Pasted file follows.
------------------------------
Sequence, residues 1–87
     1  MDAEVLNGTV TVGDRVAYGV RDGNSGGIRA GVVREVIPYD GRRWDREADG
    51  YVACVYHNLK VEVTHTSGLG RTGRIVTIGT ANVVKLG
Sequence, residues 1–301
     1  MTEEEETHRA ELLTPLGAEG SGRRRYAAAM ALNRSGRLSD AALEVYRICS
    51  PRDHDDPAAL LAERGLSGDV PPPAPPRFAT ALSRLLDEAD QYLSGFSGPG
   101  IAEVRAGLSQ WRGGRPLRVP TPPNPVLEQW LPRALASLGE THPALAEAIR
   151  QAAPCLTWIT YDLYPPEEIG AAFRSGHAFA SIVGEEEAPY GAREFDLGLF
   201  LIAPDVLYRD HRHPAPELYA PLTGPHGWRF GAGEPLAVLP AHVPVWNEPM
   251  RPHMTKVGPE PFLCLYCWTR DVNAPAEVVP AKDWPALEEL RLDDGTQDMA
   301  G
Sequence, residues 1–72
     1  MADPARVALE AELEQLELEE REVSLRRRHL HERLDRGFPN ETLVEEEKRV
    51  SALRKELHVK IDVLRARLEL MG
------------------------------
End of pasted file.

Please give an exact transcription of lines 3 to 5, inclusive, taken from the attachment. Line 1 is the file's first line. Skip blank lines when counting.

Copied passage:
    51  YVACVYHNLK VEVTHTSGLG RTGRIVTIGT ANVVKLG
Sequence, residues 1–301
     1  MTEEEETHRA ELLTPLGAEG SGRRRYAAAM ALNRSGRLSD AALEVYRICS